"The main advantage of the newest oral drugs is that they are not injectables," says Thomas Mirsen, a neurologist at Cooper University Hospital. "They are not as groundbreaking as earlier treatments."

Gilenya, which can reduce relapses and delay disability, is now being tested in children and adolescents. It also slows the heart rate, requiring regular heart monitoring, blood work, and a checkup by an eye doctor.

Tecfidera, which helps with relapsing MS, can cause flushing and gastrointestinal problems, though it has gained wide acceptance among doctors and patients.

Still, "if someone is doing well on the older agents, and don't have needle phobia, most neurologists won't switch them to the newer agents," says Mirsen. "Why rock the boat?"

Gaps remain in MS care. There is no way to restore functions that patients have lost, said Donald Barone, chief of the neurology division at Rowan University School of Osteopathic Medicine and director of the Multiple Sclerosis Center of South Jersey. "We have to get better at symptom management."

Early on, Savarese believed that her walking problems were connected to a once-fractured tailbone. Yet while an orthopedist said she checked out fine, her troubles persisted.

"I was a very active person," she says. "I was a Eucharist minister in our church and I had to start holding onto people to get around."

Finally, friends persuaded her to see a Jefferson neurologist, who diagnosed MS.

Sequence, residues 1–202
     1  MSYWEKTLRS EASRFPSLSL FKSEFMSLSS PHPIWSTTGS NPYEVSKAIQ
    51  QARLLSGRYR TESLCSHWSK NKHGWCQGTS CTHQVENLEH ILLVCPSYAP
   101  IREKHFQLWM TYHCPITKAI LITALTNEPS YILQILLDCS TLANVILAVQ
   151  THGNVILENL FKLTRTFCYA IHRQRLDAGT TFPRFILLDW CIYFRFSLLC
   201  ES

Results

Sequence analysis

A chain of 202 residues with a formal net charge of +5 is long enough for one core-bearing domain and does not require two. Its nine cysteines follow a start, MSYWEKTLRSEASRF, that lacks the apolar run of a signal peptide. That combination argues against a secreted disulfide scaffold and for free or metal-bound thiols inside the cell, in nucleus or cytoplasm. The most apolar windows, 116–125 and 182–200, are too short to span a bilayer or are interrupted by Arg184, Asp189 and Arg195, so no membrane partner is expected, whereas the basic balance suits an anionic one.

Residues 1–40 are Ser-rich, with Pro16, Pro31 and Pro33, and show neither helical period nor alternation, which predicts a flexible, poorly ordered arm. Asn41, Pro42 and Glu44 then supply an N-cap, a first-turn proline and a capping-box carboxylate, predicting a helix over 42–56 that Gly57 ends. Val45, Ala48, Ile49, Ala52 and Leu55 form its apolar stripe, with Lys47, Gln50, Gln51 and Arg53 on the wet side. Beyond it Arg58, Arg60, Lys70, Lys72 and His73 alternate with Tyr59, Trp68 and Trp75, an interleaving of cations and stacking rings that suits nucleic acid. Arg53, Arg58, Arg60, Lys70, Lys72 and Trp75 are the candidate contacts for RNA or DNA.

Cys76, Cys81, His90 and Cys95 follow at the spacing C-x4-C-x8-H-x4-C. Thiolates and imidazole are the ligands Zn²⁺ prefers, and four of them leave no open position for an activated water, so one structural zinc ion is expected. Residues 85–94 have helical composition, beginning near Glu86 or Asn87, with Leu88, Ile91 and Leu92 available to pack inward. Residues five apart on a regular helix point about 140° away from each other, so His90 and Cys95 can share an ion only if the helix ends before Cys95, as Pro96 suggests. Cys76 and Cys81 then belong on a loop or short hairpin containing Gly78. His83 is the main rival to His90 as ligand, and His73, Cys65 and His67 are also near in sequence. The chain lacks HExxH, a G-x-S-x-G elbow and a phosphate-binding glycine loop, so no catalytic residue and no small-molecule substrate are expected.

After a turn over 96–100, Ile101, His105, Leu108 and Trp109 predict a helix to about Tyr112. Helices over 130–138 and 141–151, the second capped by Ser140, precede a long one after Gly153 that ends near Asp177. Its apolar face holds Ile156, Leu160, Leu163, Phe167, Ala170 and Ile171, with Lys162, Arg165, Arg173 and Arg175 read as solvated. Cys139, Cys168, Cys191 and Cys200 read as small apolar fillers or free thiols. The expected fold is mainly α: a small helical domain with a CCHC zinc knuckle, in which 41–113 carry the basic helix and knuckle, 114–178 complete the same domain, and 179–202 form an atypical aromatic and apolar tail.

"My first reaction was that couldn't be it. I had seen what the disease had done to my mother. She was in a wheelchair and slept in a hospital bed. She rarely left the house. She had incontinence, and couldn't really do anything but feed herself."

Unlike her mother, who was embarrassed by her symptoms, Denise contacted the National MS Society and began to get involved with fellow patients. She and her husband left their South Philadelphia house and moved to a ranch home in Sicklerville, installing a ramp in the back for her walker and making sure that the bathrooms were large enough eventually for her wheelchair.

"The world has changed," Savarese says. "When my mother went to a restaurant, we often had to take her through the kitchen. But now I have a lift for my scooter in the back of my car and I'm out and about any time I want to." Her latest excursion was to a baby shower honoring her youngest daughter, who is expecting her first child.